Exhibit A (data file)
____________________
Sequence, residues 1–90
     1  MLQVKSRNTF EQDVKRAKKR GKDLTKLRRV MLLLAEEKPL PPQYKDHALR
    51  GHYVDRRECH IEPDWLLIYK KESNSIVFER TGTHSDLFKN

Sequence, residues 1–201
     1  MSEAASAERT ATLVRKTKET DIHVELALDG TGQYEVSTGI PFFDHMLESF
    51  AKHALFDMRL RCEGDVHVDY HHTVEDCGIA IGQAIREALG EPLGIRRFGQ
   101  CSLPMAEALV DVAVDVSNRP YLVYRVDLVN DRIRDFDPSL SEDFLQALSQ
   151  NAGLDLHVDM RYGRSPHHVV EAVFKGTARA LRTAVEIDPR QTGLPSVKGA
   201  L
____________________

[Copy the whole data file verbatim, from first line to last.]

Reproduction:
Sequence, residues 1–90
     1  MLQVKSRNTF EQDVKRAKKR GKDLTKLRRV MLLLAEEKPL PPQYKDHALR
    51  GHYVDRRECH IEPDWLLIYK KESNSIVFER TGTHSDLFKN

Sequence, residues 1–201
     1  MSEAASAERT ATLVRKTKET DIHVELALDG TGQYEVSTGI PFFDHMLESF
    51  AKHALFDMRL RCEGDVHVDY HHTVEDCGIA IGQAIREALG EPLGIRRFGQ
   101  CSLPMAEALV DVAVDVSNRP YLVYRVDLVN DRIRDFDPSL SEDFLQALSQ
   151  NAGLDLHVDM RYGRSPHHVV EAVFKGTARA LRTAVEIDPR QTGLPSVKGA
   201  L